Today's News

  • The 1990-91 CCHS Lady Cougars: Where are they now?

     Audrey Orick Pahach

    Audrey was awarded a college scholarship from Cleveland State Community College, and was a star for 2 seasons in the Tennessee junior college ranks. She went on to attend the University of Tennessee at Chattanooga, where she graduated in 1997. After college, she taught elementary school in Tennessee, Maryland and North Carolina. She currently lives in a suburb of Greenville, S.C. and has been married 12 years to Brent Pahach. The couple has a 6-year-old son named Drew, who is involved in basketball, soccer and taekwondo.

  • Girls on 1990-91 state team left a legacy of hard work

      In the long and glorious history of the Campbell County High School girl’s basketball program, one team stands alone.

    It’s been two decades since the Lady Cougars’ first trip to the state tournament, and the 1990-91 squad still is the CCHS girl’s team by which all others are measured.

    That team produced half a dozen future college players, spawned a couple of brief coaching careers and created an elite basketball fraternity.

  • Jellico boys come up short against Cloudland in home sub-state game

     Twenty years after their only sub-state appearance, Jellico High School’s boys found themselves one win away Monday night from qualifying for the state basketball tournament.

    Playing on their home court before a record crowd (1,076-plus), the Region 2-A champion Blue Devils attempted to extend their 9-game winning streak against Region 1-A runner-up Cloudland.

  • Blue Devils upset Harriman for region title

     Brothers in arms, Jellico High School basketball players Cody Malicoat and Brent Ayers walked out of the visitor’s locker room together Thursday night to a hero’s welcome.

    “We’re going to state. I’ll die before we lose,” declared Malicoat, who was proudly carrying the Region 2-A Tournament Most Valuable Player plaque, his third MVP award during what has been a spectacular season for the junior forward.

  • Utility board discusses rate decrease to settle customer complaints

    In a time when the price of fuel, produce and other necessities are rising, the Jellico Utility Board was asked to consider a rate decrease for electricity.

    “The mayor has asked me to take a look at the financials and see if there is a possibility of doing a rate reduction,” said Jellico Electric and Water System General Manager Mike Bethurem.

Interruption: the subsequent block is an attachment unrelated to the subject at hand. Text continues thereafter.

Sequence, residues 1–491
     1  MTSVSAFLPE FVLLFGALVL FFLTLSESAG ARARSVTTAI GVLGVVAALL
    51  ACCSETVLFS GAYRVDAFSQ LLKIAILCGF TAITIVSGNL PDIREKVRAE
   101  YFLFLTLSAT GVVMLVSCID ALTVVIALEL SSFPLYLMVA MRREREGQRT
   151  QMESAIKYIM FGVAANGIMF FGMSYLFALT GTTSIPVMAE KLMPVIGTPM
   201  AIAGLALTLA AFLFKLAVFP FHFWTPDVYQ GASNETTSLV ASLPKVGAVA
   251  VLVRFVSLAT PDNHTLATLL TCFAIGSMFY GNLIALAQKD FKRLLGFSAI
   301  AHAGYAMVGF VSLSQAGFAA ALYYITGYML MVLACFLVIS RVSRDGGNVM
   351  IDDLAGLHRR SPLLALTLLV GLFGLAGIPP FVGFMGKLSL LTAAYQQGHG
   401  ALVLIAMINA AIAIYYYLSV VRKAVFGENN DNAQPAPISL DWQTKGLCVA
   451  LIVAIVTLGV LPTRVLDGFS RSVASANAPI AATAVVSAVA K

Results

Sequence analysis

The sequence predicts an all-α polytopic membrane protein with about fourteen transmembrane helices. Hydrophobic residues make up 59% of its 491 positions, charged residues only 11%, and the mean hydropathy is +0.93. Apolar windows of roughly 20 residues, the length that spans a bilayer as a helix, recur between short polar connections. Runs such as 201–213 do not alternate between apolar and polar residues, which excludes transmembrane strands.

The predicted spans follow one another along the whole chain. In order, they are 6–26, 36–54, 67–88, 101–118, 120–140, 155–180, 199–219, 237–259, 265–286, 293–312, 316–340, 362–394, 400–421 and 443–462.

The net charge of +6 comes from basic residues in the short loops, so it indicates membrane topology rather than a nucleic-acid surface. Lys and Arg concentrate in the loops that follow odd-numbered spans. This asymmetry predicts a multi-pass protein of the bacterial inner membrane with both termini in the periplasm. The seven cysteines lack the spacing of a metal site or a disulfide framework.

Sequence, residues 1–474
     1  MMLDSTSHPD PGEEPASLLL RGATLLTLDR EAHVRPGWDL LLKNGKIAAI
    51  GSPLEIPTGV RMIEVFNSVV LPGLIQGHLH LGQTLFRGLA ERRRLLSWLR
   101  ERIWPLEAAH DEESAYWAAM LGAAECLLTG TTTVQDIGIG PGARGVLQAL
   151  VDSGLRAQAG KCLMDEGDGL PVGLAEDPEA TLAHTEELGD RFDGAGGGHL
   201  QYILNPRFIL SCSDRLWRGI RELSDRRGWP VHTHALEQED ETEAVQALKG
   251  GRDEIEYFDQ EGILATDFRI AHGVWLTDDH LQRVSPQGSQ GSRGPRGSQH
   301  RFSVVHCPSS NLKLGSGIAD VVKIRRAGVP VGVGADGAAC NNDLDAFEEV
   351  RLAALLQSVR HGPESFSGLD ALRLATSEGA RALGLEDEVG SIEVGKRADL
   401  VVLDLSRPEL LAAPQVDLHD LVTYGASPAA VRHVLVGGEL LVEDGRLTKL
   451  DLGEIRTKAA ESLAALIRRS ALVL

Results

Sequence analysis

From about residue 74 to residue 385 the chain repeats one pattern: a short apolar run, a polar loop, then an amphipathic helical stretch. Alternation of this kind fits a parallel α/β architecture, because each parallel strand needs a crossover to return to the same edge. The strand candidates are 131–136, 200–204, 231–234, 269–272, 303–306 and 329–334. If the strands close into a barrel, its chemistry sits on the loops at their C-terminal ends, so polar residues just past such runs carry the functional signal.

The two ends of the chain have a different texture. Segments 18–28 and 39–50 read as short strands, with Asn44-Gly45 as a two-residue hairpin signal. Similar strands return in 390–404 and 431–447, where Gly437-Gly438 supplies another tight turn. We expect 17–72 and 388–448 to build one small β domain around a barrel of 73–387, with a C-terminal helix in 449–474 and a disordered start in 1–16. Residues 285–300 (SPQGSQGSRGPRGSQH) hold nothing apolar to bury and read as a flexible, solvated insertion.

• LaFollette looking to clean things up

     Over 60 houses have been deemed unfit structures in LaFollette.

    Attempts to have property owners clean up or tear down houses have been ongoing, resulting in the LaFollette City Council’s decision to demolish many of them.

    The council previously approved the rental of track hoe equipment. Since then the list of 20 unfit structures has grown to 63.

    Approximately 37 of the property owners have been successfully contacted. Each one has given the city permission to demolish their structures and level the lots.

  • Housing grant applicants being awarded

    Grant applicants throughout Campbell County are about to get the news of a lifetime.

    Tennessee Housing Development Agency has awarded grants to Caryville, Jellico, LaFollette and Campbell County. Citizens from these four municipalities are currently being considered for comphrehensive home rehabilitation or complete reconstruction.

    The average amount awarded to each municipality is about $187,500. Less than 10 citizens applied for the grants in each area, and less than five will be put on a priority list for grant money.

  • Hate meth gains non-profit status

    Less than six months ago, two young men walked along Highway 63 because they wanted to spread the I Hate Meth message.

    Toby Young and Jonathan LuAllen haven’t waivered from creating a meth free community, rather they have grown in strength. Jellico town leaders attempted to get involved recently with a weeklong awareness effort. However, the initiative was postponed.  Young and LuAllen were prepared to involve themselves in the community effort, but their vision extends farther into the future.

  • McAfee chooses not to advise; Murray fired

    The court may have declined to offer an opinion on who the county’s environmental services director answers to during a hearing but that didn’t prevent the department’s now former director Dan Murray from being terminated on Tuesday morning.

  • Thirteen vying for director spot

    The applications are in.

    Now the Campbell County Board of Education is facing the daunting task of combing through resumes to determine the best candidate to lead local schools to continued success in the future.

    While chairman Mike Orick predicted there would be an estimated four or five applicants for the position at a recent director of schools search committee meeting, he said the slate of 13 contenders is impressive.